Local Food Pantry Serves Christ’s Will
By Miles Layton
A few hours after Pastor Darrell Mayfield’s Sunday sermon at Sistersville’s First Baptist Church, he was thinking about the church’s food pantry.
“Jesus commands us in the Bible to help others,” he said. “The food pantry is just one way we can do that as Christians.”
Mayfield said the food pantry serves 109 families and/or individuals primarily in the Sistersville area, but also from all across Tyler County. Since Mayfield took over the pulpit at the church about two years ago, the number of people served by the food has increased by more than 25 percent.
“I’d say the number of people we serve has increased dramatically,” he said. “We are seeing three and four new clients a month.”
Families, some with three or four children, are among those who utilize the food pantry.
“These families – they need food,” Mayfield said. “Many times, they don’t have anything to eat in their homes. Most of the them are grateful when they receive the food.”
Located within the church on Wells Street, the food pantry is open between 9 a.m. to 12 p.m. Wednesdays. Funding comes from donations, not from state or federal government assistance. Mayfield said many of the people who need the food pantry are either unable to find work or are disabled.
“I feel compassion for these people because it could be anyone else in their circumstances,” he said.
Mayfield said because of the increased demand, the pantry always needs food. A person or family is eligible for food once every eight weeks.
“We always need more and more food to help the hungry, the needy,” he said.
A handful of dedicated volunteers manage the food pantry.
“This is a Godly community. I want to live that life – so I got involved,” Jean Low, a longtime volunteer. “Being a part of the church and what they do, the public doesn’t see all the hardwork and dedication that we put into helping others. It’s tireless work and amazing at the same time.”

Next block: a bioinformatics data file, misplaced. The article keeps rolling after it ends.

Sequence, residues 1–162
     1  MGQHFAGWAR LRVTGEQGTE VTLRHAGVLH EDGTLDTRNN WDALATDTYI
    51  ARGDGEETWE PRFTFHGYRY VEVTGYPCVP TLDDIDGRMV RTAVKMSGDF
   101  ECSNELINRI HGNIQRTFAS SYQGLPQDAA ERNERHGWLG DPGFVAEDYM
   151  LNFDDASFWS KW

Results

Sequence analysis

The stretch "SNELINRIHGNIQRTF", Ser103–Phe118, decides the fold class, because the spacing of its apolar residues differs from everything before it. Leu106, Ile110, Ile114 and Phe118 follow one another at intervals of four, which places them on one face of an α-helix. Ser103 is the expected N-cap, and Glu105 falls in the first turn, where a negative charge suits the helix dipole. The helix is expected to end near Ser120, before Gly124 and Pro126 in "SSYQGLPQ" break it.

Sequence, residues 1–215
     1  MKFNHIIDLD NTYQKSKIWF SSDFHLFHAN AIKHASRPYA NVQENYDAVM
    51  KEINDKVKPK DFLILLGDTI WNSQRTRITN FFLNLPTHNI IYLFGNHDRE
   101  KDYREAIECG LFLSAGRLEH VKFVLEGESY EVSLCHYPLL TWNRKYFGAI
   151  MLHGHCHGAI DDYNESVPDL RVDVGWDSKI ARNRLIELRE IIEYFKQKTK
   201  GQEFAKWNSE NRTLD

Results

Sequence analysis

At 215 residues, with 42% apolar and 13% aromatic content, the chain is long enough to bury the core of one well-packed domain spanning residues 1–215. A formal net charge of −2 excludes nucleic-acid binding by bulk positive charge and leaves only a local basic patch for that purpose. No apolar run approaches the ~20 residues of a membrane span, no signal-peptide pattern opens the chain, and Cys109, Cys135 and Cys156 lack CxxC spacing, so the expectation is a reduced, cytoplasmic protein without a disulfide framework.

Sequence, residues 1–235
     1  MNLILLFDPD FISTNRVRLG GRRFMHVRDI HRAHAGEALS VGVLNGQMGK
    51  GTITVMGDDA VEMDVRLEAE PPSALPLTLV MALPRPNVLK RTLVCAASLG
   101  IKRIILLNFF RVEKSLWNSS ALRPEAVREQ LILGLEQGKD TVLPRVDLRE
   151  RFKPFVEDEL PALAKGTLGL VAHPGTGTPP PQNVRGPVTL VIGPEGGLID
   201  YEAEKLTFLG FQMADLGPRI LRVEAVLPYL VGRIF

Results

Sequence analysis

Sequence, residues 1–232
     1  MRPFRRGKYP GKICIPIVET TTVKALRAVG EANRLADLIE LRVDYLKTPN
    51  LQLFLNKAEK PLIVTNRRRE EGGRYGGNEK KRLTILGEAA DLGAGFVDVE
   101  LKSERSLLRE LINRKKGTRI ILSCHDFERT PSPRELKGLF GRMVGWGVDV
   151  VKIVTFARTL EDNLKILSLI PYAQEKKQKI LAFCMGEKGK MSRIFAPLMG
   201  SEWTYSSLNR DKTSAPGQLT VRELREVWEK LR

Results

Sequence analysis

Low said she sees a lot of people who don’t live within walking distance, but have to make arrangements just to acquire food.
“You could tell from talking with them and reaching out that they live a hard life,” she said. “They have medical issues that need to be addressed. Sometimes there is family dysfunction that causes them to suffer more. And then there people who are just having a hard time, but may be able to rebound. With a little bit of help, they can be back on their feet.” Low said in the past, she has used the food pantry when she has faced hard times. Low said she understands the clients that it serves and knows that not it is easy to ask for help, but sometimes it is necessary.
“They are sad that they have to have this food. That’s humility coming out, but they know they need this food,” she said. “It’s heartbreaking and you want to do more to help people. And you want to tell others to come together to help others. That’s what we want to see.”
Jeannie Hicks, a pantry volunteer, added, “People that get food – some of them can’t believe we are doing this and they are very grateful.”
Hicks said she volunteers her time “because I like to give back to the community.”
Low said giving honors the Lord.
“When you know Christ, you love your fellow man,” she said.